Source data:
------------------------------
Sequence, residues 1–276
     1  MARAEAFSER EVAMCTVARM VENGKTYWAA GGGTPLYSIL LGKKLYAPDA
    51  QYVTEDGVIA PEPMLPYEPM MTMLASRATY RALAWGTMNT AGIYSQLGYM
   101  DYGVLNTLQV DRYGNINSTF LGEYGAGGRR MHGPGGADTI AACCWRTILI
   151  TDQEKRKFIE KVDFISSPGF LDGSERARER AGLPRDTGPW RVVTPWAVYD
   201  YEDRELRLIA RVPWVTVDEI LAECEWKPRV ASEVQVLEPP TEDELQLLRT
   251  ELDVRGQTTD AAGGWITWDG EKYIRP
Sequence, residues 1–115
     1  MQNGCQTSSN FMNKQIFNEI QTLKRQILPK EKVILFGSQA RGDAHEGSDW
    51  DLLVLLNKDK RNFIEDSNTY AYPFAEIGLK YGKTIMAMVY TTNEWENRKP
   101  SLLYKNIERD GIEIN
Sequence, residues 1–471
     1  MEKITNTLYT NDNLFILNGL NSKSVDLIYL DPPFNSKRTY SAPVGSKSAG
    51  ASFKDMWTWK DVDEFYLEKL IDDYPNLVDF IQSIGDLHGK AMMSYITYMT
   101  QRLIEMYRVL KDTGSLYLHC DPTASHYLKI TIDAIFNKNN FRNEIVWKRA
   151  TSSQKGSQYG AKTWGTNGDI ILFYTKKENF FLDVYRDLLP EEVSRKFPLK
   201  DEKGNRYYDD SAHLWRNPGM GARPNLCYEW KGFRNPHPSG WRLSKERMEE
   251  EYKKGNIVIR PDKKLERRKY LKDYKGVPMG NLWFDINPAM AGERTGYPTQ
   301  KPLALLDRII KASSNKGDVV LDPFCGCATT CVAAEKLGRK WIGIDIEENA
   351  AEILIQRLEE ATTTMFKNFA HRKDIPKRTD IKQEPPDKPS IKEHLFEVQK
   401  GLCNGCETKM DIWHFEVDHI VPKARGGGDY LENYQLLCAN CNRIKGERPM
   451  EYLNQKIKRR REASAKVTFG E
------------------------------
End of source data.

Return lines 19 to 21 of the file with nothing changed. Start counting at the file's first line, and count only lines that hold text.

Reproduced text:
   301  KPLALLDRII KASSNKGDVV LDPFCGCATT CVAAEKLGRK WIGIDIEENA
   351  AEILIQRLEE ATTTMFKNFA HRKDIPKRTD IKQEPPDKPS IKEHLFEVQK
   401  GLCNGCETKM DIWHFEVDHI VPKARGGGDY LENYQLLCAN CNRIKGERPM